The greatest challenge relating to requirements versioning is the management over time of the relationships between those requirements. If we are merely keeping track of the changes to requirements, i.e. the change history, then the solution is relatively straightforward. As there are never any historical copies of the requirements the only artifacts that can be linked are the current ones. The relationship remains in place no matter how many times the requirements are changed. However, the relationship can still help by providing impact information. Let’s consider the following example of two simple requirements which have a clear interaction. These requirements may be too detailed for some projects, especially projects that are following an Agile process, however the principles we are discussing apply regardless of the detail of the requirements themselves.

If requirement A is changed, the relationship tells us that we should examine B to see whether it too needs to be modified to match the new version of A. This is the clearest example of why we need relationships in the first place. Without them, we would rely on one person having sufficiently detailed knowledge of the system to realize that B needs to be reviewed when A is changed, which is not only asking a lot but is also extremely error prone. Herein lies the danger of taking Agile development principles too far and relying solely on information posted on a board for all to see. The small number of requirements being worked at any one time might be manageable, but there are all the requirements that went before, and all those to come; managing those manually is impractical. Some form of automation is necessary.

If we choose to use a non-specific software tool such as a spreadsheet, we can keep track of relationships, but we must remember to check all of them for every change that occurs. This is doable, but can be arduous and still prone to error. We could miss a link, forget to check, or in our haste, decide that we know the system well enough to make the call without checking. Surprisingly, this problem can also exist for custom made software tools, even those specifically designed for requirements management. If relationships in such tools are inert, we must remember to check them all manually following any change. A truly useful requirements management tool provides active links that help us identify the requirements that need to be reviewed after a change. Most products call this feature, ‘suspect links’, although the term implies that the entire link is brought into question whenever a change occurs. In reality, the link usually remains relevant; it is the details of the requirement at the other end which are in doubt and so a more appropriate term would be ‘suspect requirements’. In our example, a change to A has no affect on the relationship, but there could be a very important impact on B. As this principle applies to all types of data, not just requirements, we should instead use the term ‘suspect objects’.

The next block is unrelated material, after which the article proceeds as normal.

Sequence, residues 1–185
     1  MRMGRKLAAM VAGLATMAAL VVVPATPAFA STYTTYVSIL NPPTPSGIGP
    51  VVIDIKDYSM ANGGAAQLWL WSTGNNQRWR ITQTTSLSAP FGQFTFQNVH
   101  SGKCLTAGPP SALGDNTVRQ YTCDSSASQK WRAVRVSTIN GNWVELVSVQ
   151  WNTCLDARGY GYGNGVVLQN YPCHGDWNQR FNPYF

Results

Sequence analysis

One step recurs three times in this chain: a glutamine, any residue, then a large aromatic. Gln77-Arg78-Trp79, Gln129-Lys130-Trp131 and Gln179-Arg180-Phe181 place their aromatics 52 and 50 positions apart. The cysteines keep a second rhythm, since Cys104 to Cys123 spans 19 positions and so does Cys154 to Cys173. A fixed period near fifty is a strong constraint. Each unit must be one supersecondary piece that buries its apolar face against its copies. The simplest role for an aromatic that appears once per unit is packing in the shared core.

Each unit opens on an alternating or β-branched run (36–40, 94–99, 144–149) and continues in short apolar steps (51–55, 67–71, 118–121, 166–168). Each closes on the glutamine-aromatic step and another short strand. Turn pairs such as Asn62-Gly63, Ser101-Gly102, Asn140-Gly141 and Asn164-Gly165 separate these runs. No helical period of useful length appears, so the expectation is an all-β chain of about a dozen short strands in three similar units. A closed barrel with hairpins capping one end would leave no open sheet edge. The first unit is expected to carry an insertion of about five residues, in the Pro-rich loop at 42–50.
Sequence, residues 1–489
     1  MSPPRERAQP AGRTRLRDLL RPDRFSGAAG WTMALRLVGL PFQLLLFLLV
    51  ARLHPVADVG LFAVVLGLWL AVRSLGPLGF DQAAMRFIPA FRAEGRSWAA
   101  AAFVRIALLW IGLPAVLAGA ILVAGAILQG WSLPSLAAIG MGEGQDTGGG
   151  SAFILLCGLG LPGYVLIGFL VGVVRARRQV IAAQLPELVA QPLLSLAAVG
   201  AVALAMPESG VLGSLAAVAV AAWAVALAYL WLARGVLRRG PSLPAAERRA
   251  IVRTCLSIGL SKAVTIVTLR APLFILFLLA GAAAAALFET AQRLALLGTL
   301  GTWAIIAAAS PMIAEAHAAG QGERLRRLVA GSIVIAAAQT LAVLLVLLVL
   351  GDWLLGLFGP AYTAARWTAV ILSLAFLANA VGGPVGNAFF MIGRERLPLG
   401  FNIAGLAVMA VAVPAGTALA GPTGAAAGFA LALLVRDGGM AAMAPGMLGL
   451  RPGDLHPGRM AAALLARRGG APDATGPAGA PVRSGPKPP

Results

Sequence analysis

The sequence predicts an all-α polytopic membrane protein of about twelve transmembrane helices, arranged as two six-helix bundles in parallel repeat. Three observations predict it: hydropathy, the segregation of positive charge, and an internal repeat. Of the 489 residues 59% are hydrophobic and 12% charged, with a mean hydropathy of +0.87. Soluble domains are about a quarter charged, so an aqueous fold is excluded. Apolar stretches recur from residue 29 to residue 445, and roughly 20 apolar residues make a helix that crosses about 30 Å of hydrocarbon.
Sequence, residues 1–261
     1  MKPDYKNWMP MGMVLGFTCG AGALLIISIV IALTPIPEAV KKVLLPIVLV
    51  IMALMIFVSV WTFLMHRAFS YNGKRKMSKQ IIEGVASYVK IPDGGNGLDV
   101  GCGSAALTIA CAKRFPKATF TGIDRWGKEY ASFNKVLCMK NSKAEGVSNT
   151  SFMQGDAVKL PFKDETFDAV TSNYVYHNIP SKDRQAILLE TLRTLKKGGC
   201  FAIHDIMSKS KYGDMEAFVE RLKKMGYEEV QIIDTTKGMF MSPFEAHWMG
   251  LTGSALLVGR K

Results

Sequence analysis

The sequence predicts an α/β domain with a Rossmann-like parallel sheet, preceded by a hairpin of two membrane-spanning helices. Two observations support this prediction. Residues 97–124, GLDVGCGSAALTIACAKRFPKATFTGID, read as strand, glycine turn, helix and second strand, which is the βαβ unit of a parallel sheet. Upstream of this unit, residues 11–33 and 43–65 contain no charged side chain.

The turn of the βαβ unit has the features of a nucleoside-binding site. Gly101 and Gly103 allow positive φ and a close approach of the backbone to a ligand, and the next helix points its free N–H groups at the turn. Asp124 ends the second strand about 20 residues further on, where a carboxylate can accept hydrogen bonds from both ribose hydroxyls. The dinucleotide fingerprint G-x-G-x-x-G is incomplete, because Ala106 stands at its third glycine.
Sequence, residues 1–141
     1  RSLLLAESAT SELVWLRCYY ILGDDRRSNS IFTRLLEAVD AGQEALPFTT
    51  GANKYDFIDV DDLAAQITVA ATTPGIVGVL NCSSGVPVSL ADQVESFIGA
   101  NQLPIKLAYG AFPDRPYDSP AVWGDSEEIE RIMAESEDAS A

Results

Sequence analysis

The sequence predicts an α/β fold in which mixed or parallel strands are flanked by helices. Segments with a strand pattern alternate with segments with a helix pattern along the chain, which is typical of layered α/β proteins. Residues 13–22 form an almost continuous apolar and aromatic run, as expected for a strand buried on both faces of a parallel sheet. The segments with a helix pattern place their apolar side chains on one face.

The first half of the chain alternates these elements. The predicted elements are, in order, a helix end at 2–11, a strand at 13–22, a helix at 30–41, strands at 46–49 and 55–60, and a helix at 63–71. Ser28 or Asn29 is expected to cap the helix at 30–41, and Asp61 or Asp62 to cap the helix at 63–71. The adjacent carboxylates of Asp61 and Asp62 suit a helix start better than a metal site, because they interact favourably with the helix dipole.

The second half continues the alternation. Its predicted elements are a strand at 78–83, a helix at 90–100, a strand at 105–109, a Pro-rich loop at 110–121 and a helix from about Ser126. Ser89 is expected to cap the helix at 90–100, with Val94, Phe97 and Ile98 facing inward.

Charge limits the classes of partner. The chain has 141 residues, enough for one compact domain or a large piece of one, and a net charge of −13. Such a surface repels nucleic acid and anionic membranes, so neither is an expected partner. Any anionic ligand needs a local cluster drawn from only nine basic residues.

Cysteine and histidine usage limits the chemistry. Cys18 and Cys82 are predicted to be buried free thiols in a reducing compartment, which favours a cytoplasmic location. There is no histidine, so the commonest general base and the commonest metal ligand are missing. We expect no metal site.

Suspect objects is one of the most powerful features of requirements management automation and will help reduce, if not eliminate altogether, the chance of missing any impact errors due to change. The only caveat is that the suspect objects feature is only as good as the relationships created within the data: no link - no suspect object.

The means of alerting the user of suspect objects varies from tool to tool, with the better tools providing the alerts through views used on a regular basis. Requiring the user to go look for suspect object notifications defeats the purpose.

Versioning Relationships

Life is relatively simple when we only record changes to each requirement. Whether we are using a spreadsheet or a formal RM tool, the only objects that exist are the current requirements themselves and therefore those are the only things that can be linked.

On the other hand, if we keep copies of each version of each requirement, then we find that to keep track of what has happened, we need to assign version numbers to requirements. Also, now that we have different versions of requirements, we must decide what to do about relationships.